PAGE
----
3 Stars – Complex
The fatalistic belief that we have to live with the consequences of our choices is the theme of Brian Klugman and Lee Sternthal’s debut film The Words. Teaming up to both write and direct the film, Klugman and Sternthal create a multilayered story in which the central characters are void of any hope that they can be forgiven or that repentance and restoration can heal the lies and betrayals of their past. This lack of hope creates not only depressing lives but also a depressing tale.
The complexity of the story is found in its triple layers. The first layer is the book written by author Clay Hammond (Dennis Quaid). Titled The Words, his book tells the story of an author, Rory Jansen (Bradley Cooper), whose own books are modest and so no one will publish them since he is an unknown author. But when he honeymoons with his wife Dora (Zoe Saldana) in Paris, he finds an old briefcase in a pawn shop and takes it back to New York. When he discovers an unpublished manuscript in it, he claims the writing as his own and becomes a literary success.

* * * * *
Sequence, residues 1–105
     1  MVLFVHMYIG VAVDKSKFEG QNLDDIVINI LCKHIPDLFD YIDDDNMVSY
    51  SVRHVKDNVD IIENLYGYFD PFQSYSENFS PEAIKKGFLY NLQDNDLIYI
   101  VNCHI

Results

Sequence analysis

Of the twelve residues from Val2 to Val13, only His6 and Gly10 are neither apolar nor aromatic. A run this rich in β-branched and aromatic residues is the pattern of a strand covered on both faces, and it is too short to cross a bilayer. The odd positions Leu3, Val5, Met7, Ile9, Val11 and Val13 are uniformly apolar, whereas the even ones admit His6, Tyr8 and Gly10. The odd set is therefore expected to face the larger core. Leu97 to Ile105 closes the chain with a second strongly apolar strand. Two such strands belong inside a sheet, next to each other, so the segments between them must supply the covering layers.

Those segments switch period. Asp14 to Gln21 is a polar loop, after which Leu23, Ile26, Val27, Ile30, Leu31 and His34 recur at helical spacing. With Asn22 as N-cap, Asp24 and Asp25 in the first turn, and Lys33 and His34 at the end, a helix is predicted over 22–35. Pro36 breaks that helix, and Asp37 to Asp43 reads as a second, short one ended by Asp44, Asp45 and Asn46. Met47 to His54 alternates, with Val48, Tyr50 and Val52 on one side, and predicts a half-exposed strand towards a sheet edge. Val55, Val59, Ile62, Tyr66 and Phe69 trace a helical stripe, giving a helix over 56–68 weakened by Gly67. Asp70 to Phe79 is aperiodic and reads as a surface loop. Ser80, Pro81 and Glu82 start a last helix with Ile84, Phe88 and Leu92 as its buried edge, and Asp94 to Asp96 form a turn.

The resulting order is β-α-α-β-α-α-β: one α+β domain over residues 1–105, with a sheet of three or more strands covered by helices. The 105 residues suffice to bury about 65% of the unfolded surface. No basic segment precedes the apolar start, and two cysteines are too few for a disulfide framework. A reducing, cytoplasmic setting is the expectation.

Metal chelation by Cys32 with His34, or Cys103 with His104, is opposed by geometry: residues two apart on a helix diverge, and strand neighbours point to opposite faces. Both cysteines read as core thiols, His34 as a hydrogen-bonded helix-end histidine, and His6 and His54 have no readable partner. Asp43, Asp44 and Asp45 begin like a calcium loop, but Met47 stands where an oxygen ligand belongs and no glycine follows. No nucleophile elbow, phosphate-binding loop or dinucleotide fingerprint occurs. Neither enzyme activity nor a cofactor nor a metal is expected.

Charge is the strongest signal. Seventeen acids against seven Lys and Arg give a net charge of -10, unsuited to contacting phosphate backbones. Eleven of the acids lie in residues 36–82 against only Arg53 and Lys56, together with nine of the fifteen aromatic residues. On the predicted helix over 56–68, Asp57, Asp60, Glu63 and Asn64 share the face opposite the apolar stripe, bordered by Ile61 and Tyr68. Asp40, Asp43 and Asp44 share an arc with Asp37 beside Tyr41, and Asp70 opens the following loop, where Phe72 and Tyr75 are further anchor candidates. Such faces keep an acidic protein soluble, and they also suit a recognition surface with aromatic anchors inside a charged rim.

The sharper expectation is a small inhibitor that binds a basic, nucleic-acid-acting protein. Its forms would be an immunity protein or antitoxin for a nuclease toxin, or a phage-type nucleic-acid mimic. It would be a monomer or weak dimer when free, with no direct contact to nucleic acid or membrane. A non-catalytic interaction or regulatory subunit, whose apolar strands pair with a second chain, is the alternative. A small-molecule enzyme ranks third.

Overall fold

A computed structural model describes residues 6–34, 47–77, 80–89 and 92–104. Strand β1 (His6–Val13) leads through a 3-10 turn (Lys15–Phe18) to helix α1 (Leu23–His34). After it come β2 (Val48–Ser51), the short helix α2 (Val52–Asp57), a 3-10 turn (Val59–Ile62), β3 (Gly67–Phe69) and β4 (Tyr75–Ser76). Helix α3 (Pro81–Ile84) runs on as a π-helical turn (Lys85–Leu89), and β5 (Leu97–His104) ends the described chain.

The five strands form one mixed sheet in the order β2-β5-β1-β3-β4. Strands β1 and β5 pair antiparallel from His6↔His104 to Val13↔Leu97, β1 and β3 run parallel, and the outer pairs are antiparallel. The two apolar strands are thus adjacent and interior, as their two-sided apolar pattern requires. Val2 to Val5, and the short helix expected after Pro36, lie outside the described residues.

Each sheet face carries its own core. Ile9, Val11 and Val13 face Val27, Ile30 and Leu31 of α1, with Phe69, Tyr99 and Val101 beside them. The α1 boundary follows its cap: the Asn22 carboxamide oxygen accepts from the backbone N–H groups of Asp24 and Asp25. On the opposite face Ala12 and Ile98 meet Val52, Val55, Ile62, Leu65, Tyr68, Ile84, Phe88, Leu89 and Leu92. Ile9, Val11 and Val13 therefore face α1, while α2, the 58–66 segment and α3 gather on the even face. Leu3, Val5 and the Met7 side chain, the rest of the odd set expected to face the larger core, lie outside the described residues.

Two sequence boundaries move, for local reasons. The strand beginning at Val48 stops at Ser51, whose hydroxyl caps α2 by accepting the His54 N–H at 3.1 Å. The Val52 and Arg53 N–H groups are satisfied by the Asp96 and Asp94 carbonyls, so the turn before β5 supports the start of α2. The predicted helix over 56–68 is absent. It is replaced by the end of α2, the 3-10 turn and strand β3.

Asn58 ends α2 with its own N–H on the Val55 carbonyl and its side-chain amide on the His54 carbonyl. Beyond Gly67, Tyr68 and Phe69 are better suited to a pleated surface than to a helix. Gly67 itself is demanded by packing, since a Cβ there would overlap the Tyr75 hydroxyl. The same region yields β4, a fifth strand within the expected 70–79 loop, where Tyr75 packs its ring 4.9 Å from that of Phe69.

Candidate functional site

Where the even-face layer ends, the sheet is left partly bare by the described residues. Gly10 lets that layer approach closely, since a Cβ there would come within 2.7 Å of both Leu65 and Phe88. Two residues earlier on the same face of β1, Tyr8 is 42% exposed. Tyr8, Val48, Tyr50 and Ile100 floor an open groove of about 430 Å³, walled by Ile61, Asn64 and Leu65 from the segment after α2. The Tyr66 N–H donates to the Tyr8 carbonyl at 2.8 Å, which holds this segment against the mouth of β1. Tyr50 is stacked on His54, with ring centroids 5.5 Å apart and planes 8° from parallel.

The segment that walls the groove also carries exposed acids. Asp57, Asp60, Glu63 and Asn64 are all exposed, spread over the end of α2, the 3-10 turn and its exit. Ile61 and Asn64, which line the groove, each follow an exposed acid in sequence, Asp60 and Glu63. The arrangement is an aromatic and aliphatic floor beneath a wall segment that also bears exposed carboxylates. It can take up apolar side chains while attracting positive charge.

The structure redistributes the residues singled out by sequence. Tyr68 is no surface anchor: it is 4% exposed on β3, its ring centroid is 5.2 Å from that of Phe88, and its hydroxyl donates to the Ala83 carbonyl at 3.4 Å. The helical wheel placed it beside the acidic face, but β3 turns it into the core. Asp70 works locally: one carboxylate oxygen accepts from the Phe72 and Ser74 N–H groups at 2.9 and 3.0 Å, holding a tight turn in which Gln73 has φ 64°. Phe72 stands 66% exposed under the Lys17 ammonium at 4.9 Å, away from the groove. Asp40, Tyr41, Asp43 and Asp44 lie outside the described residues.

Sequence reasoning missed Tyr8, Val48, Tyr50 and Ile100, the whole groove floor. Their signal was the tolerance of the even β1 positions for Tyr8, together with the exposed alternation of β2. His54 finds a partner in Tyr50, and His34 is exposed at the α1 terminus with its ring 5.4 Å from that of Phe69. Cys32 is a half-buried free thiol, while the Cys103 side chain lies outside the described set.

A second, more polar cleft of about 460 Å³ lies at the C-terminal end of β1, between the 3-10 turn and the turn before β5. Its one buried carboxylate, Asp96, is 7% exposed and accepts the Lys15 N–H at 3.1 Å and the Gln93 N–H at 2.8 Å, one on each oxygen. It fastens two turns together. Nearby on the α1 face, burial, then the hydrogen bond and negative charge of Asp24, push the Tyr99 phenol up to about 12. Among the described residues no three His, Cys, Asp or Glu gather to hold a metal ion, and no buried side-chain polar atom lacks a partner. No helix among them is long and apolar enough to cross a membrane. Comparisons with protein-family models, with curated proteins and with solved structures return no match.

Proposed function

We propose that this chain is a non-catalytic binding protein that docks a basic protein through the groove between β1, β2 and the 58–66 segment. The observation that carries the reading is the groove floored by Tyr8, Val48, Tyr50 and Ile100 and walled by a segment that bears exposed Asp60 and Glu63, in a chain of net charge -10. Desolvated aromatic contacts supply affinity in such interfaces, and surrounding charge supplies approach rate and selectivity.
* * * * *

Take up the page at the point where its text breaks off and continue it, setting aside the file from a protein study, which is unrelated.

Troubled by his own lies and unable to enjoy his fame because it is not due to his own writing, Rory is approached by another author. This is the third layer of tale. This author is an old man played by Jeramy Irons. We won’t spoil what he reveals to Rory, but the pain from the choices he has made is central to the story.
Although the writers consider Rory’s deception only a “mistake,” lying breaks the moral law, just as it breaks trust with those we love, requiring confession and forgiveness. When we confess a lie in this spiritual manner, then we are not left to its fatalistic consequences but we are able to make a new beginning. It is this message that is missing from The Words and therefore leaves the story a disappointing and even depressing one.
Discussion for those who have seen this film:
1. It is difficult to accept a world without forgiveness where new beginnings are impossible. How do you deal with your own mistakes and sins?
2. Do you think that Dora would have forgiven Rory if had told her the truth from the beginning? Why or why not?
3. The multilayered complexity of this tale leaves us wondering what is really true. Do you believe the story is Hammond’s autobiography or a work of fiction? Why?
4. As both directors and writers of this tale, do you think that Klugman and Sternthal would have benefited from some outside consultation? What would you have changed if you were on their team?